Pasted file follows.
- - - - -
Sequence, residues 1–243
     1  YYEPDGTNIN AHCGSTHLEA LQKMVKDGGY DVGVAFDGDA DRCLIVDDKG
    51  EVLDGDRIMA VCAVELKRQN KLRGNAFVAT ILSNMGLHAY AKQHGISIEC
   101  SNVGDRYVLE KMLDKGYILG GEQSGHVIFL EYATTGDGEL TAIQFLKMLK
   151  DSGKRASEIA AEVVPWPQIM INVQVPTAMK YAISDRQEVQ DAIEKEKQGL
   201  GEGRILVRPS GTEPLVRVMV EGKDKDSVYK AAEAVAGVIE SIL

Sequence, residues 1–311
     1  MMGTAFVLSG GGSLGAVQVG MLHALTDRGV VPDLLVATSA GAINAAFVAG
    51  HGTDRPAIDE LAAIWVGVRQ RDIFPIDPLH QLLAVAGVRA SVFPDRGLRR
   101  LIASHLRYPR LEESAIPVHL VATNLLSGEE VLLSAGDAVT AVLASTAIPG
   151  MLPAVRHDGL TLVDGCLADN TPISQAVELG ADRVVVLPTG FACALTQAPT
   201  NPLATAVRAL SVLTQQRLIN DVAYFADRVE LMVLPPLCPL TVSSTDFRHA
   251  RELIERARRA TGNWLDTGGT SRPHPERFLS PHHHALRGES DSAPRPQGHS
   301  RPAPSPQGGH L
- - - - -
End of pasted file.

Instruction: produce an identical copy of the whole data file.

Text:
Sequence, residues 1–243
     1  YYEPDGTNIN AHCGSTHLEA LQKMVKDGGY DVGVAFDGDA DRCLIVDDKG
    51  EVLDGDRIMA VCAVELKRQN KLRGNAFVAT ILSNMGLHAY AKQHGISIEC
   101  SNVGDRYVLE KMLDKGYILG GEQSGHVIFL EYATTGDGEL TAIQFLKMLK
   151  DSGKRASEIA AEVVPWPQIM INVQVPTAMK YAISDRQEVQ DAIEKEKQGL
   201  GEGRILVRPS GTEPLVRVMV EGKDKDSVYK AAEAVAGVIE SIL

Sequence, residues 1–311
     1  MMGTAFVLSG GGSLGAVQVG MLHALTDRGV VPDLLVATSA GAINAAFVAG
    51  HGTDRPAIDE LAAIWVGVRQ RDIFPIDPLH QLLAVAGVRA SVFPDRGLRR
   101  LIASHLRYPR LEESAIPVHL VATNLLSGEE VLLSAGDAVT AVLASTAIPG
   151  MLPAVRHDGL TLVDGCLADN TPISQAVELG ADRVVVLPTG FACALTQAPT
   201  NPLATAVRAL SVLTQQRLIN DVAYFADRVE LMVLPPLCPL TVSSTDFRHA
   251  RELIERARRA TGNWLDTGGT SRPHPERFLS PHHHALRGES DSAPRPQGHS
   301  RPAPSPQGGH L